Let’s Boycott Passwords

What would happen if you forgot all your passwords except one?


Try this: next time a website asks for a password during registration, type in a series of random characters and then forget them immediately. Don’t copy them to your clipboard. Don’t put them in your password manager. Just forget them. Almost every single website and app won’t know that you just forgot your password and will log you in anyway.

In fact for most websites, the only time you even need to know your password is when you log in for the first time on a new device. So what do you do in that case? That’s what the “Forgot your password?” link is for. You’re not even lying, you did forget your password, on purpose. Clicking this link sends you an email with a temporary URL that lets you reset your password; enter a new random string for this password, and remember it only long enough to log in on the new device.

Using this strategy, there is only one password you actually need to remember: your email password.

It sounds scary, but this method actually works. I’ve done it many times when I was too lazy to open 1Password, generate a new password, and paste it into the service I was signing up for. But starting today, I’m going to do this every time I sign up for a new service. And guess what? This is no less secure than using passwords, because you can still reset your passwords by email now, even if you didn’t actually forget them.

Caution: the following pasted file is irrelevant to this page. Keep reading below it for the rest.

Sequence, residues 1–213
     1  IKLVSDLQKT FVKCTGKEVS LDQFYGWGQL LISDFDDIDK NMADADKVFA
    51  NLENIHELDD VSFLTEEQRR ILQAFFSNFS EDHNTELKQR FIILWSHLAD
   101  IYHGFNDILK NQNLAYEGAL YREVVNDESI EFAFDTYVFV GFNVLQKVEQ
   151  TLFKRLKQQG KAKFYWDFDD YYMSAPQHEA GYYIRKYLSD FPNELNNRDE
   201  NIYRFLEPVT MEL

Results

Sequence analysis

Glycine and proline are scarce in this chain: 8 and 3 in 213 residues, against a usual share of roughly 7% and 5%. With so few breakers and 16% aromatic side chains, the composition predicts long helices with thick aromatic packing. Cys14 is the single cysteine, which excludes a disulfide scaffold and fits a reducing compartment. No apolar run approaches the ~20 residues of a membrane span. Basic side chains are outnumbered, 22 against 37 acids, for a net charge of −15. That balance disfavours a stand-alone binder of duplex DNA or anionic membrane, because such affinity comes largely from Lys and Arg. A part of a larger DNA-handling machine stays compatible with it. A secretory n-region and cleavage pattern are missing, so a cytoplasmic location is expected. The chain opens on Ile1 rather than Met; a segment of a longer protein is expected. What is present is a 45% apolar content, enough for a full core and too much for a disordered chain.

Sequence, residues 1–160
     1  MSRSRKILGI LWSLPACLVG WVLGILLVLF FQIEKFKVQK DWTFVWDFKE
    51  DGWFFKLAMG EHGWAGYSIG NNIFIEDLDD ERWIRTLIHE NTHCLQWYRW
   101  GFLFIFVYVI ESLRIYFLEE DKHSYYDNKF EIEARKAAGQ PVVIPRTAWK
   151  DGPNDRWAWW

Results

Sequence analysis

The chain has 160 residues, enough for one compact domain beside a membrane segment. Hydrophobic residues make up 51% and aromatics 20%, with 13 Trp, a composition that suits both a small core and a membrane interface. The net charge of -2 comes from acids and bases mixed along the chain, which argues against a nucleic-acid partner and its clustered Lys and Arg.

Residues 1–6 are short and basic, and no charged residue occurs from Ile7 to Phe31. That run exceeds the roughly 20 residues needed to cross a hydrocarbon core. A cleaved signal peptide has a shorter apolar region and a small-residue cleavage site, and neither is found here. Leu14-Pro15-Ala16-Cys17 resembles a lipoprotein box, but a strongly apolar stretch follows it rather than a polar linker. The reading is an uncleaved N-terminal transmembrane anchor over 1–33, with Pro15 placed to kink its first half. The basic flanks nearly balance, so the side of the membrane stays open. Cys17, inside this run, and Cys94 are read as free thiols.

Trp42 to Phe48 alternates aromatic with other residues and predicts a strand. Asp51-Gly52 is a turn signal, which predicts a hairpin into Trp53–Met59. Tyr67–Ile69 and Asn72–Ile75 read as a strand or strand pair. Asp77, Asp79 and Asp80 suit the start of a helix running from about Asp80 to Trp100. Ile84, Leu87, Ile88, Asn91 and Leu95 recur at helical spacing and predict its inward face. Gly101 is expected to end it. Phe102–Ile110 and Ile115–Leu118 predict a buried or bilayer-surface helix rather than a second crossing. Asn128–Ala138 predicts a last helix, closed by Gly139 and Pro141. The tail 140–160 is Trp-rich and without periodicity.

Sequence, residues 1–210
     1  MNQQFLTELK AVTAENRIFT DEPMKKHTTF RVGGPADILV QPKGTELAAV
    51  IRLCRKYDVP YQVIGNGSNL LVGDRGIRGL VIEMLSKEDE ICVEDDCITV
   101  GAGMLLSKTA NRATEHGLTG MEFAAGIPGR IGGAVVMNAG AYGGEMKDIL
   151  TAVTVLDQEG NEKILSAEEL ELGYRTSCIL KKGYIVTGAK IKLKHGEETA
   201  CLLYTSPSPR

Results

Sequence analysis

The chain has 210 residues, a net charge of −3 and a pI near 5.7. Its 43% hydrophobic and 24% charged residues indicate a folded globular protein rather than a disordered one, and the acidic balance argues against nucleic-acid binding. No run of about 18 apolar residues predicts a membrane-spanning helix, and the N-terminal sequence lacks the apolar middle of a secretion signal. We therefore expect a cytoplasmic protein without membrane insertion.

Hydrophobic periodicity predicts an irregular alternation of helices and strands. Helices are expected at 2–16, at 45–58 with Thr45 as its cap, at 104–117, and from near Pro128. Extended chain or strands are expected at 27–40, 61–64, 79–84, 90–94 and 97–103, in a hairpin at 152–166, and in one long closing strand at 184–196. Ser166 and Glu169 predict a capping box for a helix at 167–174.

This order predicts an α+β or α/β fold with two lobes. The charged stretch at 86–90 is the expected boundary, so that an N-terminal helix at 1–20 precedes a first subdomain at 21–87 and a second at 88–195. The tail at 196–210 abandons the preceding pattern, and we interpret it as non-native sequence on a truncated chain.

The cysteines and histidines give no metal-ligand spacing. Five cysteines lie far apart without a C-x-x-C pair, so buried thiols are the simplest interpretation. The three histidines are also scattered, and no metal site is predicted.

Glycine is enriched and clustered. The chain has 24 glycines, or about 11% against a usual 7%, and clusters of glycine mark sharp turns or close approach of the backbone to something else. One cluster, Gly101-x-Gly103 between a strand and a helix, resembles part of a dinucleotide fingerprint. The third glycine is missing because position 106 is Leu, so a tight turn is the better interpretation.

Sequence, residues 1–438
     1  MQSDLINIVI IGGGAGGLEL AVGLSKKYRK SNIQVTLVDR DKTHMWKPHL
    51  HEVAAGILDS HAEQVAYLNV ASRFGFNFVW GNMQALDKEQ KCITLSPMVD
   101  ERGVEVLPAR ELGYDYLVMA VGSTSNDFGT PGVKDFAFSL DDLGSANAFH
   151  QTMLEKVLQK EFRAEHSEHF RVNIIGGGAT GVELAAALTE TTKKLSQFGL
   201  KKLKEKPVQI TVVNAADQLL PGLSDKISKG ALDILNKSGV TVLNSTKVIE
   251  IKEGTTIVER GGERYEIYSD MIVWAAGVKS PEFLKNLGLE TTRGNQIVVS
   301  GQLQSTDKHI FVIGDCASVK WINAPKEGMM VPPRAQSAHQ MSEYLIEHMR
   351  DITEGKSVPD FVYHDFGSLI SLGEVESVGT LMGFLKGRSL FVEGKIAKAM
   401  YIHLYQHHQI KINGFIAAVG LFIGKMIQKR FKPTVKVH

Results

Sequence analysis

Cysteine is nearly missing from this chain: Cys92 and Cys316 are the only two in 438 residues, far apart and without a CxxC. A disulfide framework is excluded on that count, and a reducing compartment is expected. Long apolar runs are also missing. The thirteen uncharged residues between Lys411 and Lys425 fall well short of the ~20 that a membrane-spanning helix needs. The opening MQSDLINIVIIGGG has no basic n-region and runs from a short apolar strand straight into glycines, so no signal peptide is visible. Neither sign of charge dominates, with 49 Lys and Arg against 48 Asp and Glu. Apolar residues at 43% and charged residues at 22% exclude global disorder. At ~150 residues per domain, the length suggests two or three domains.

Yes, this does make it more clear how important it is ensure that your email is secure, as recent stories like this underscore, but that’s probably a good thing.


Of course, this is all just a temporary measure until all the websites out there realize that they shouldn’t be using passwords. If you are building a website though, and want to be smart, there is a better way:

  1. Don’t ask new users for a password anymore.
  2. Do make sure you get a secure contact method like an email address or mobile phone number.
  3. When a user first registers for your site, provide the client app or browser an access token they can save to allow access to your site. You probably already do this using OAuth.
  4. When a user tries to log in on a new client or device, ask them to provide only their username, email or mobile number.
  5. Send the user an email or text message containing a temporary link with credentials that will provide an access token that can be stored by the client app. The user will be logged in when they click this link.
  6. Optional: If you really want to allow users to opt-in to having a password, you can provide a “Got a password?” link instead of the typical “Forgot your password?” link.

Further reading

Other smart people have suggested we use Passwordless Authentication. Here are some additional resources worth reading: